Among a small but interested gathering of borough residents, alumni, as well as past and present school district employees, the Haddonfield Board of Education held a ribbon-cutting ceremony on May 4 to commemorate the completion of projects included in a $35 million, district-wide referendum.
The ceremony took place outside the B-wing of Haddonfield Memorial High School, along Sylvan Lake Avenue, just prior to the public being allowed to peruse the recently completed construction, which included a new cafeteria, dance studio, gymnasium and athletic offices.
“It’s great to have things completed. A lot of hard work and thought went into this. The gym is an iconic thing; it would have been easier to tear it down and build a box, but they didn’t do that, they kept true to that thing that Haddonfield loved, said interim assistant superintendent Chuck Klaus, who previously served as principal of the high school.
“The cafeteria is modern and it’s great for the kids to finally have that space. It was a tough go. For two-and-a-half years, we were eating in hallways and stuff like that, and just to see the kids enjoying the new space is a wonderful thing.”
Among district principals in attendance were Superintendent Larry Mussoline, school board president Adam Sangillo, board member and chair of both the Facilities Committee and Referendum Committee, Susan Kutner, HMHS interim principal Tammy McHale and high-school director of athletics Lefteris Banos. Assemblyman Louis Greenwald from the 6th Legislative District also lent his support.
The referendum, which included three proposals, was passed in March 2016. On the ballot, borough residents were asked to vote on the following within the first question specifically regarding the high school: repairs to the A-wing roof and modified C-wing roof replacement, which included roof deck repairs and related work; in the B-wing, gym exterior wall reconstruction and structural repairs, including new windows, doors and roof repairs; comprehensive reconstruction of the cafeteria on its existing footprint, including structure for rooftop mechanical units and reconfigured cafeteria, kitchen, toilet rooms and dance studio.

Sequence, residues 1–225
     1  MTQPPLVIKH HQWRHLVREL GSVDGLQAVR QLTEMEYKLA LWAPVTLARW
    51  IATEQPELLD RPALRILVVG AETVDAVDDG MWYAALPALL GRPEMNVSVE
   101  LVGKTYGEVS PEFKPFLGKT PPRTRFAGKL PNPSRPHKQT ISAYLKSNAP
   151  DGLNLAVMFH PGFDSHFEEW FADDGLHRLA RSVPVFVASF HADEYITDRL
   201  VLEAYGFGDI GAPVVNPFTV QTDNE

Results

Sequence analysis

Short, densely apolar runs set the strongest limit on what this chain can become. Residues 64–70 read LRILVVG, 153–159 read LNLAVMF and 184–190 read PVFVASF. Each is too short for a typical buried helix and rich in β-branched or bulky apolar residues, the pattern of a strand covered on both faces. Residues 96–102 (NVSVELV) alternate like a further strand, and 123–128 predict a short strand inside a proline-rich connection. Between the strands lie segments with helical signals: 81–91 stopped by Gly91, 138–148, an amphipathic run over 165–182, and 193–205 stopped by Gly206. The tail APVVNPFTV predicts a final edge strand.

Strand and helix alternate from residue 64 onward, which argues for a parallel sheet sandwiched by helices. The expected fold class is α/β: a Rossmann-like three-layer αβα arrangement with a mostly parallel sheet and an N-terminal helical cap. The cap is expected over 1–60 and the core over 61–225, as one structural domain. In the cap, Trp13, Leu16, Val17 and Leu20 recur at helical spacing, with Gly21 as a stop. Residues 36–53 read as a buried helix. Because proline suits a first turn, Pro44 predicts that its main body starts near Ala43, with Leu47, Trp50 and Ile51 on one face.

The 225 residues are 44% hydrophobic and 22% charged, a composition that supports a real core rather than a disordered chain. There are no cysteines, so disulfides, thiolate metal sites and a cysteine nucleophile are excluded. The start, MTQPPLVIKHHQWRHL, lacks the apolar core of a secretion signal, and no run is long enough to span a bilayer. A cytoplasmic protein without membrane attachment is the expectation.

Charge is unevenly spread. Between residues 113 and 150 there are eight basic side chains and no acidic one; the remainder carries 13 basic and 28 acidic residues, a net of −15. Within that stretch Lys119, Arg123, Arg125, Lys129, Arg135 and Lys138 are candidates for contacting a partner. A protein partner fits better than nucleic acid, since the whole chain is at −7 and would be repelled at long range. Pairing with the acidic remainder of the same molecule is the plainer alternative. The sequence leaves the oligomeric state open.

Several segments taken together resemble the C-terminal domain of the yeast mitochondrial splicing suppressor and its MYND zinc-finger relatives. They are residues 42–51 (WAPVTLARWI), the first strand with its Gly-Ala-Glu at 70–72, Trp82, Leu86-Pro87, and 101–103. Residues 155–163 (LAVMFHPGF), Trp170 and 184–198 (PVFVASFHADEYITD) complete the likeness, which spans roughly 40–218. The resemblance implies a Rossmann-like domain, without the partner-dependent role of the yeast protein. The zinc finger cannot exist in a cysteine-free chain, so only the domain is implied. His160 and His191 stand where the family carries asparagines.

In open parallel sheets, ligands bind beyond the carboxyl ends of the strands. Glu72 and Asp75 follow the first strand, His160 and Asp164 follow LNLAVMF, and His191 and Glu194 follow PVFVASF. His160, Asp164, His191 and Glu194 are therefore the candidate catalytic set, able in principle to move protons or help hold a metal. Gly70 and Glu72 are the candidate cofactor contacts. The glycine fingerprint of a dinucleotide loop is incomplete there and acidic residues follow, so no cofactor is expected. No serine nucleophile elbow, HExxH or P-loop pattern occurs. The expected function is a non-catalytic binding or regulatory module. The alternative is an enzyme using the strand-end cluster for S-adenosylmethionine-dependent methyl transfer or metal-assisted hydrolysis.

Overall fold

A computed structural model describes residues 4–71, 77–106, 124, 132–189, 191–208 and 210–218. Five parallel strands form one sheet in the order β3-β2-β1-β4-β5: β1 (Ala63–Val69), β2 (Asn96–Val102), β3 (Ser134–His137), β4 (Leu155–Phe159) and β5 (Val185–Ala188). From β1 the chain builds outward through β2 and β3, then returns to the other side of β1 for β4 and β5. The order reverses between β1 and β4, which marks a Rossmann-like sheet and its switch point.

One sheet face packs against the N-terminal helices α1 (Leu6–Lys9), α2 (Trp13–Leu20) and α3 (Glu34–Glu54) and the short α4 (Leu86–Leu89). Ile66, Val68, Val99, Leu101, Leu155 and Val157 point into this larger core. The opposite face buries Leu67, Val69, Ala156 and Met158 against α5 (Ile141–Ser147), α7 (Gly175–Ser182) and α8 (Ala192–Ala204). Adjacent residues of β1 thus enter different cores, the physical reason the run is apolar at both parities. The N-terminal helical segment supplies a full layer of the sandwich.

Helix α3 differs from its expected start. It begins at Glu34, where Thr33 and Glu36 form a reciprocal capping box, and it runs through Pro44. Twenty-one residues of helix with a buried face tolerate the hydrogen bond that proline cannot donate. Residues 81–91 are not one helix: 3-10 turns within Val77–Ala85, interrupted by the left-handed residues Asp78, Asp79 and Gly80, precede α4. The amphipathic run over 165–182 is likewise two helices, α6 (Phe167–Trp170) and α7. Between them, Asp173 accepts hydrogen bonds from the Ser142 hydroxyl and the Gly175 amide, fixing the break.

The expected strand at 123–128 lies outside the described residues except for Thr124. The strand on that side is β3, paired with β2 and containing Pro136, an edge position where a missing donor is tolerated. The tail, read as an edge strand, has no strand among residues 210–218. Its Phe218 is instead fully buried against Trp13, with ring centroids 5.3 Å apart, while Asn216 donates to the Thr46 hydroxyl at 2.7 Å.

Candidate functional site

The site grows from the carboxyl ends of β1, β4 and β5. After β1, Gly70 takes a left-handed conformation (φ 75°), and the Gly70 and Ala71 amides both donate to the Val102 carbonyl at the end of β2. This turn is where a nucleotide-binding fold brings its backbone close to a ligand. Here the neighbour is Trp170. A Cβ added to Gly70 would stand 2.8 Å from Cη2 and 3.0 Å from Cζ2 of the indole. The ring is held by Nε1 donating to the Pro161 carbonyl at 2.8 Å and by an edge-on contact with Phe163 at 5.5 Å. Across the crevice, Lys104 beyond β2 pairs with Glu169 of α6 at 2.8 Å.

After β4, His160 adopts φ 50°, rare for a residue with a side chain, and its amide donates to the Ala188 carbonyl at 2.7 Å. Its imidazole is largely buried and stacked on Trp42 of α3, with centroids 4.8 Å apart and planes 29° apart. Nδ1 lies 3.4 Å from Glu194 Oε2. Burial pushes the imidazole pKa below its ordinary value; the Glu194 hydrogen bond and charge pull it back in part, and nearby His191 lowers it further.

“It’s exciting to see some of the work that’s been done and know that it was done well. That’s what we were tasked to do from the beginning. These projects are long. I think it’s something we can be proud of, not just for how it looks and how it feels inside, but for how it was done well and on budget. There’s still work to be done. It’s the kind of work we’re happy to see and know that this specific chapter has come to an end,” said Sangillo.
Also included within the referendum question were provisions to reconfigure and combine existing offices into a STEAM lab, planned upgrades to HVAC systems, lighting, drainage, piping, reconstruction of exterior concrete steps and sidewalks, as well as clock and data system upgrades.
“As a parent, I’m like any other taxpayer: You want the kids to have nice things, but you understand that there’s a balance and you still want it to be affordable for the town. Only a third of our families have children in the district so, we have to be mindful of our spending, and I think most parents understand that and they’re appreciative, but it is their tax dollars to the education system to provide the backbone to our borough. I’m excited my kids get to witness the whole process,” added Sangillo.
With some students having felt the crunch when looking for space to eat and relax for a significant portion of their time at the high school, consensus from staff seemed to be that they are taking to the new construction enthusiastically.
“Basically, the kids are loving the open space. They are in everything except for the gym, which we should be opening up to them shortly, once the locker rooms open up,” said McHale.
“It’s been wonderful watching them eat in the cafeteria and have the space to learn and hang out with their friends and have some down time. We didn’t realize how many sacrifices were being made until we opened (everything) back up and realized how much our students had endured and how well they’d been handling everything.”
On the second floor of the B-wing is an expanded HMHS athletic Hall of Fame, which covers an entire wall and includes plaques of every inducted member along with their respective bios.
“We’ve been working on this for a long time, and I hope everyone is as proud of it as we are. I’ve been in this position working for other school districts, but I have to say it’s really special doing it in my own town where my kids are educated,” added Kutner, former board vice president.